Greeting Customers in Retail: Be friendly and Welcoming!
Greeting customers can have a significant impact on their experience. This is an easy investment that will help improve the customer’s impression of your company and yield some serious results.
We all know that customer service is essential, but new research shows just how powerful it can be. Studies show that more than half of shoppers will return to your store because they’ve had a positive experience before, which even helps prevent shoplifting.
There are many different ways of greeting and interacting with customers when it comes to customer service. To help you understand these techniques, we have put together some tips on greeting customers and follow-up questions that may be helpful for any retail environment.
How should you greet a customer? Why is it important to do so in the first place?
One of the top three complaints shoppers have about shopping is that they feel ignored by retail staff. A Salesforce report found that only 32% visit stores because they enjoy it, which could be one reason why.
In retail, what are ways to greet customers?
Vary sales greeting techniques and specific verbiage instead of speaking from a script every time. “It displays brand authenticity,” she says. “When retailers train sales associates to greet in a variety of ways, it allows not just the retailer, but also the associate to share the breadth and depth of your brand values.”
Not only is it essential to have a creative commission structure, but this also helps your employees be more motivated. It shows that you’re aware of what’s happening in the store and how best to motivate them.
The ability to interact with a salesperson is crucial. According to the Salesforce report, three-quarters of consumers place a lot of importance on speaking and working with someone when they need them.
Plus, it feels personal. Each customer wants to hear their greeting, and if everyone who walks in after them is greeted the same, it becomes impersonal.
“[Greetings are] also important in sales conversion and loss prevention,”
Some tips to greet customers in your store.
There are four categories in greeting customers:
- Small talk
Small talk is a great way to break the ice and establish a friendly, human connection with shoppers.
Talking to people is a lot like fishing — you never know what will bite. To start the conversation, ask open-ended questions that invite two-way dialogue and avoid asking yes or no questions as they can quickly lead down dead ends.
If you’re a salesperson and your team is struggling to make any small talk, try these:
- How are you doing this afternoon?
- Where did you hear about us?
- I stayed up to watch the end of last night’s game. Did you see it?
- How’s your day going?
- What are your plans for the rest of the day?
- Who are we shopping for today?
Small talk can also be a form of small business. Just ask the customer how their day is going and listen to what they say.
You know how good Chick-fil-A is with small talk. Every employee has a friendly smile upbeat energy, and they’re all great at making conversation. They make every experience an enjoyable one.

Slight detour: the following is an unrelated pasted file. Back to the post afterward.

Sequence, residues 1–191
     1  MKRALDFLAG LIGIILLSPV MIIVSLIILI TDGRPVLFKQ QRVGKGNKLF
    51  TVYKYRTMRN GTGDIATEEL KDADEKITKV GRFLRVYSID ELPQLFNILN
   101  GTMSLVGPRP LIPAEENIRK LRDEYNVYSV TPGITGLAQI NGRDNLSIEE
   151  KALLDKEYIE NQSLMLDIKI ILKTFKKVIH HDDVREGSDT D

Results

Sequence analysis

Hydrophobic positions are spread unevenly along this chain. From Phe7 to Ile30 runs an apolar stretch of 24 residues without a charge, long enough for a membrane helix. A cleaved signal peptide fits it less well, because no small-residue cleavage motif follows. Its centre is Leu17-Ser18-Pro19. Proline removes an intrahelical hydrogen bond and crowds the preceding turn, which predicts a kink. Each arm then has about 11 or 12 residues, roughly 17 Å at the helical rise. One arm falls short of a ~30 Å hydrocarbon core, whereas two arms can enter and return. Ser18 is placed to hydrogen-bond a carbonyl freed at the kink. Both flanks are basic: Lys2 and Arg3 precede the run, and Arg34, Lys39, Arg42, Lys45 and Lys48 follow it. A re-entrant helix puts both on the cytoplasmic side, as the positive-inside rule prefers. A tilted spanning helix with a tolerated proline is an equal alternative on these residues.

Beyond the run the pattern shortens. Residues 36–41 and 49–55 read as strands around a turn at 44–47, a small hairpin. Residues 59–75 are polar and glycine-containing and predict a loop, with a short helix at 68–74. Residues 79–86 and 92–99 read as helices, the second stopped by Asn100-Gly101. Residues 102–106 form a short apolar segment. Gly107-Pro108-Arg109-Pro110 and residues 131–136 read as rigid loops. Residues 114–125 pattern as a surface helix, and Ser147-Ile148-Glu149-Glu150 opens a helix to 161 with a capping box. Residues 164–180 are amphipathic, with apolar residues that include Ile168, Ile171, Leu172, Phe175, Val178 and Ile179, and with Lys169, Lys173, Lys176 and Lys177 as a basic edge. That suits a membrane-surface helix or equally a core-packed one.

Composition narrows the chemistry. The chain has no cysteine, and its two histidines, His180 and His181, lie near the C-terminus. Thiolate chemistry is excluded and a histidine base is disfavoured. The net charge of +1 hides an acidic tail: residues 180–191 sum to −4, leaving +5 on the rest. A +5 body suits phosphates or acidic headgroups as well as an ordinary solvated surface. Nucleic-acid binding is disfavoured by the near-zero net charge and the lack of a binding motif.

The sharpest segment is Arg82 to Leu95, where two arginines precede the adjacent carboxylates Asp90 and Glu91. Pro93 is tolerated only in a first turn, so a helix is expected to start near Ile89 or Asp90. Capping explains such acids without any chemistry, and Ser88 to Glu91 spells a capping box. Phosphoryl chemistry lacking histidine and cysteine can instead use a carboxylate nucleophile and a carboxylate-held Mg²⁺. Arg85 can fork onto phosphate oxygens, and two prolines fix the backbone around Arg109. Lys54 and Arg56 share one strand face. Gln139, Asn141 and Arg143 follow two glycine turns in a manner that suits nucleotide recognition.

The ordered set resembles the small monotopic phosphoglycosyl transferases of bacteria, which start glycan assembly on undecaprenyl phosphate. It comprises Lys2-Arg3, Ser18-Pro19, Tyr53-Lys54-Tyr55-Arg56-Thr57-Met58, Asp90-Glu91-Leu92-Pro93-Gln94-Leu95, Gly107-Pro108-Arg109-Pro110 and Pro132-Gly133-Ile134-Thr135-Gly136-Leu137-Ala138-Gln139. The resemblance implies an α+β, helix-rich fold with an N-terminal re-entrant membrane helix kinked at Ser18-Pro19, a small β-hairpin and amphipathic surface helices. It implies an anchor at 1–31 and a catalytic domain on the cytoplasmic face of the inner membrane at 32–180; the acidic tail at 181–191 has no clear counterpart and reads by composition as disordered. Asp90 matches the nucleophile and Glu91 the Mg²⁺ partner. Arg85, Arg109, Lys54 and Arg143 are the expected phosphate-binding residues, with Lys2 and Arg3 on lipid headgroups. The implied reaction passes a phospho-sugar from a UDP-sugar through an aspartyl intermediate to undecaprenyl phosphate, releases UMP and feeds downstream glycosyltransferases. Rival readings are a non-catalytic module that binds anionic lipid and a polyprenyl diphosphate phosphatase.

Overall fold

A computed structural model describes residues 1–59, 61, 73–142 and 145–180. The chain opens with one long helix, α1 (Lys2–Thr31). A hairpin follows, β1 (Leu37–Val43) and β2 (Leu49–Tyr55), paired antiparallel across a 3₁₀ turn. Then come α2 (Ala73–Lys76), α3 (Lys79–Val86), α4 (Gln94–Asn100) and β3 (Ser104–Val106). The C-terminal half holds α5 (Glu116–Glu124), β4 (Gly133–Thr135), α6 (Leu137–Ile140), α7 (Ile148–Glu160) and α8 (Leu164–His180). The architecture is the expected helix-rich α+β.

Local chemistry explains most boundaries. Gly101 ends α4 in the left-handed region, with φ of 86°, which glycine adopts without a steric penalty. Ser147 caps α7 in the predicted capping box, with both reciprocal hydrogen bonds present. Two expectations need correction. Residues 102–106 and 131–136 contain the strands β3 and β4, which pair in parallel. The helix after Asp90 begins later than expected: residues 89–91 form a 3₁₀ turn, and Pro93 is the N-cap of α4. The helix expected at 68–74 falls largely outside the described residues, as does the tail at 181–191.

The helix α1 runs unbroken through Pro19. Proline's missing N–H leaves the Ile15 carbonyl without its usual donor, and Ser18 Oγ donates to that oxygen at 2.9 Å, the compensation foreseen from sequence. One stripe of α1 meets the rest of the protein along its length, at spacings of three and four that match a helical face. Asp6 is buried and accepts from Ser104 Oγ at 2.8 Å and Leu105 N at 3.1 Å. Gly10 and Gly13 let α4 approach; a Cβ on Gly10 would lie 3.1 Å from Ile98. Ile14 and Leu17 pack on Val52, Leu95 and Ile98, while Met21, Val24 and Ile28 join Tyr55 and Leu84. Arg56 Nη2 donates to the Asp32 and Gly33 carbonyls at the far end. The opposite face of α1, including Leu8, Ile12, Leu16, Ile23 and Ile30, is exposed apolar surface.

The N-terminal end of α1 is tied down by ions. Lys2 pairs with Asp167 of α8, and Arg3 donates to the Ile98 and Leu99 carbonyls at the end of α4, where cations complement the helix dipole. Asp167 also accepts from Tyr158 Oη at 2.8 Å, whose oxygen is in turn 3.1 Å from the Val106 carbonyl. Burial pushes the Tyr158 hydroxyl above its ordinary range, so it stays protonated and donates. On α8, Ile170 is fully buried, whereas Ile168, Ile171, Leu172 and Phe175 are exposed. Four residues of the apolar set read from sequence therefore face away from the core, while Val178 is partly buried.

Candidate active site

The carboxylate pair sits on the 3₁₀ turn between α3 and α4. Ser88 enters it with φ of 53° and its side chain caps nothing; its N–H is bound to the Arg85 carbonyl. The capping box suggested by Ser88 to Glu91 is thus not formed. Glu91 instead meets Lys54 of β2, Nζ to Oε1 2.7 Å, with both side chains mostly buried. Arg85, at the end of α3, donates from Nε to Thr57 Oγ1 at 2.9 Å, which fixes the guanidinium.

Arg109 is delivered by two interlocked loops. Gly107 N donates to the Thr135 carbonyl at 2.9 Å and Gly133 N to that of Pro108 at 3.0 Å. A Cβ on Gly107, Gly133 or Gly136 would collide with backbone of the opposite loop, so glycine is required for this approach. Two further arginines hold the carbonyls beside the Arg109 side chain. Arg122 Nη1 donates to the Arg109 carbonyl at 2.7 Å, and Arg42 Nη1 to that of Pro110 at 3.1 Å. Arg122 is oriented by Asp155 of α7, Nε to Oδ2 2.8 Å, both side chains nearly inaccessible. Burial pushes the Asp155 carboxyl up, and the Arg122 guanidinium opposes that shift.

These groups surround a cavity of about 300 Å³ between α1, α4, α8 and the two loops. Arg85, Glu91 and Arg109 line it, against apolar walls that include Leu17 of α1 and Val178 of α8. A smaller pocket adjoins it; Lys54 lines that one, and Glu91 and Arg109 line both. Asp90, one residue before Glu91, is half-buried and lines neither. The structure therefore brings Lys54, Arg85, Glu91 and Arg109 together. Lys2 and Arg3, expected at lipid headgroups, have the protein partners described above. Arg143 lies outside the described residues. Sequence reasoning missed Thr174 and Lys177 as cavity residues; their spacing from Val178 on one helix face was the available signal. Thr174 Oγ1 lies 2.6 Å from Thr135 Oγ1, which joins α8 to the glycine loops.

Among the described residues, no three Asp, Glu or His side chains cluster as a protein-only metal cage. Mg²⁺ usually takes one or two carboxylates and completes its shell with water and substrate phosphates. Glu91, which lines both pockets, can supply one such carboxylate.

The waiters are chatty and friendly, engaging you in light conversation while you’re waiting for your order. They gave me close to a dozen free salads because the restaurant was closing soon.
Examples to get started with your familiarity interactions:
- What pulls you back to see us?
- It’s lovely to see you again.
- Thank you for returning! How are you doing?
- Have you had a good weekend?
- Are they returning for another (insert prior purchase)?
Greeting Customers: The more you know about the customer, the better your chances of conversion.
There are many ways to motivate your sales team, but one that might not have occurred to you is looking at hair salons. They keep customers coming back for more by having a loyal clientele.
It’s not just about the hair; it’s also about the person.
The people who are most satisfied with their salon experience are the ones that get to know a stylist well. Mothers would drive 45 minutes just for them hair because they had developed strong bonds with their favorite stylists.
Treat your employees like the stylists that they are. Get them to create a connection with their customers by being themselves.
This is when your associates represent the people behind your brand and share a piece of themselves (and thus, your brand) with customers.
It’s essential to speak with customers in the store. These are some of the questions and statements you should use when doing so.
- I like your ___ (shoes, scarf, coat, hairstyle, lipstick, etc.)
- How are you dealing with all of that traffic?
- Are you managing to stay dry with all this rain!?
- Are you taking advantage of all the sunshine we’ve been getting?
- Have you been around the corner to X’s store? It’s one of my personal favorites. (Continue with, “What do you enjoy about that store?”)
1. The more specific you are, the better: Rather than asking ‘how about this weather?’ try something like ‘did you get outside to enjoy the warm weather we’ve been having?’
2. You should be personal with your clients. Try to make a connection and create an emotional attachment: Encourage sales associates to share a bit about themselves through the lens of your brand.
It won’t take consumers long to figure out if you’re not being authentic.
When it comes to customer-staff interactions, authenticity is critical. Your brand should be authentic, and so should your staff.
4. One of the most important things you can do is keep a positive attitude: Every interaction should be positive.
For a customer, being greeted with commonality in action is essential. They want to feel that they are welcomed and respected.
I was in the market for a new snowboard, and I needed to research. Thankfully, Christy Sports had an extensive inventory of boards, so it didn’t take me long before finding one that suited my needs.